Voodoo, zombies & the puffer fish

Vodun, popularly known as voodoo because of Hollywood's misrepresentation, is a religion that originated in West Africa. It can be traced back to the 18th and 19th Century Yoruba people, who lived in parts of the countries that today are called Togo, Nigeria and Benin.

Some anthropologists believe that Vodun's roots may go back 6,000 years. Vodun is the dominant religion in Haiti and was recognized as the official religion of Benin in 1996. It has 60 million followers worldwide and is also practiced in Ghana and the Dominican Republic, as well as cities of the American Deep South such as New Orleans. In the 1700s, Vodun-practicing West African slaves were shipped to work on French plantations in Haiti (called Hispaniola at the time). The French tried to proselytize them to Catholicism but the slaves secretly continued to practice their own religion.

Vodun therefore contains elements of Catholicism but has no sacred text, church or religious leaders. Both religions share a number of similarities. Both believe in a supreme being, an afterlife and the existence of invisible spirits, and both use ritual sacrifice and consumption of flesh and blood as the centerpiece to some of their ceremonies.

Followers of Vodun worship a pantheon of spirits, referred to as Loa (meaning 'mystery' in the Yoruba language). These spirits were once people who led exceptional lives and are therefore similar to Christian saints. The Loa are believed by Vodun followers to govern every aspect of their lives. At the same time they are dependent on their worshippers for the sacrifices made to them, so that there is an interdependence of spirits and worshippers.

Vodun ceremonies involve outdoor gatherings where people try to make contact with the spirit world. The ceremonies typically involve a feast, the creation of a pattern of flour or cornmeal on the floor (a veve), drumming, dancing and chanting. The dance intensifies until one of the dancers is possessed by a Loa and falls to the ground, at which point it is the spirit which is in control of the dancer's body. During the ritual sheep, goats, chickens or dogs are sacrificied in order to gain favour with the spirits.

A houngan is a Vodun priest, a mambo a priestess and a bokur a Vodun sorcerer believed to be endowed with the power to perform black magic. Powders used by the sorcerers give them power over their victims, with one of those powers being zombification.

In Haiti, zombification is a punishment for severe crimes. Coupe poudre is the powder used by a bokur to induce zombification. The active ingredient of coupe poudre is tetradotoxin (TTX), produced in the liver and ovaries of some species of puffer fish (e.g. Fugu rubripes). TTX is a neurotoxin 500 times more potent than cyanide. It acts by blocking the sodium ion channels which enable nerve and heart cells to produce electrical impulses. In miniscule doses TTX causes a near-death state in which metabolic functions are depressed, so that breathing and pulse rate are undetectable. Total paralysis follows, although the brain and senses remain intact. The victim is thought to be dead and is buried alive.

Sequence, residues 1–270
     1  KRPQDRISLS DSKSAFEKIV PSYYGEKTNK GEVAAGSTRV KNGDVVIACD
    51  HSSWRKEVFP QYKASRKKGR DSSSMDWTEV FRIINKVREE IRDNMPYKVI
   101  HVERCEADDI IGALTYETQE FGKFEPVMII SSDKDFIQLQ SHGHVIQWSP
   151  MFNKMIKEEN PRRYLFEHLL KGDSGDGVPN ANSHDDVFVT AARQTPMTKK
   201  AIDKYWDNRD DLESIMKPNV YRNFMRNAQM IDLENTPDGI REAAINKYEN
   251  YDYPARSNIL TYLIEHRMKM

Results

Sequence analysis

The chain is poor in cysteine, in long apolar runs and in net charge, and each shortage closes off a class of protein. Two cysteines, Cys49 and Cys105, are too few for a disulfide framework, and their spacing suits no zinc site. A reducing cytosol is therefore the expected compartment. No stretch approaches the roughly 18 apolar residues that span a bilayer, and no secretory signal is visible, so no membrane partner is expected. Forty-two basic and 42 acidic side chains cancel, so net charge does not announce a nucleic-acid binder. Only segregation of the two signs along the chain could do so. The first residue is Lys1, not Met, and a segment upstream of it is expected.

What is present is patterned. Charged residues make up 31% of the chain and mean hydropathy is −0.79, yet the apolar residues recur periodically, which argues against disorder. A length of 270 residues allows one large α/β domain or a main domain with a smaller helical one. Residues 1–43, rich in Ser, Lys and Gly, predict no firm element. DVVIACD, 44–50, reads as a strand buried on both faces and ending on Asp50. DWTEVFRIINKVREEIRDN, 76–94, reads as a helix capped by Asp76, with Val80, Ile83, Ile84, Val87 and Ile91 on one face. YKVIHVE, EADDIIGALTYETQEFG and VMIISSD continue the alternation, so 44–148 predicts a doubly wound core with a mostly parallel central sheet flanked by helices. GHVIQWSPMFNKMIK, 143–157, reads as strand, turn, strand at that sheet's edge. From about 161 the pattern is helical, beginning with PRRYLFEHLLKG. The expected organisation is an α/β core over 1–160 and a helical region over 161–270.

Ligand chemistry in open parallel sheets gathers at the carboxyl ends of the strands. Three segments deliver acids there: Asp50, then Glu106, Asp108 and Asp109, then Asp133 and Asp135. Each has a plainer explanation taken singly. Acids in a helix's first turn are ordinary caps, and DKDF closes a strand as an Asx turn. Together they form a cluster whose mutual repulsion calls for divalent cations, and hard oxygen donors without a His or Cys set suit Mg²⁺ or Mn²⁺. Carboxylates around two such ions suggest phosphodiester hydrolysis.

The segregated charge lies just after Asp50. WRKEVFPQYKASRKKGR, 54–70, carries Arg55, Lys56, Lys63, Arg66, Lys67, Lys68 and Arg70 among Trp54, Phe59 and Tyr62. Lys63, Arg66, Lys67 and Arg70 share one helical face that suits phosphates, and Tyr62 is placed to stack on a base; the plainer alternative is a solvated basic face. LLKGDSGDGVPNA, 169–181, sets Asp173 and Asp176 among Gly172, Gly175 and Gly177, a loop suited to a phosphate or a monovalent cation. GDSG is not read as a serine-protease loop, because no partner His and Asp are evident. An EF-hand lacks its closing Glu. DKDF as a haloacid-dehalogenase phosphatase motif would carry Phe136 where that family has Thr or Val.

A few days after being buried, the 'zombie' is disinterred and given another powder containing atropine and scopolamine. These are toxic and hallucinogenic compounds from the plants Datura metel and Datura stramonium (both known as the 'zombie cucumber'). This powder, when administered, puts the victim into a permanent state of delirium and disorientation in which they experience delusions and hallucinations. He or she can then be made to do menial work for those against which the crime was committed. 

The puffer fish is a delicacy in Japan. Only small amounts of the fish are edible and preparation is extremely difficult. Only highly trained chefs can remove the organs which produce TTX. Trace amounts of the toxin cause a tingling sensation on the tongue and lips when puffer fish is eaten.

Every year a small number of people eat puffer fish which has not been properly prepared and die by cardiac arrest as a result. There are also cases of people who are buried alive after going into a state of deep suspended coma, hence the Japanese practice of leaving those thought to have been killed by eating puffer fish next to their grave for three days before burial.

However, there are no reported cases of zombification in Japan. The phenomenon of Vodun zombification can be ascribed to the socialization process, in which one acquires personal knowledge of the Vodum religion and the expected effects of the sorcerer's powder.

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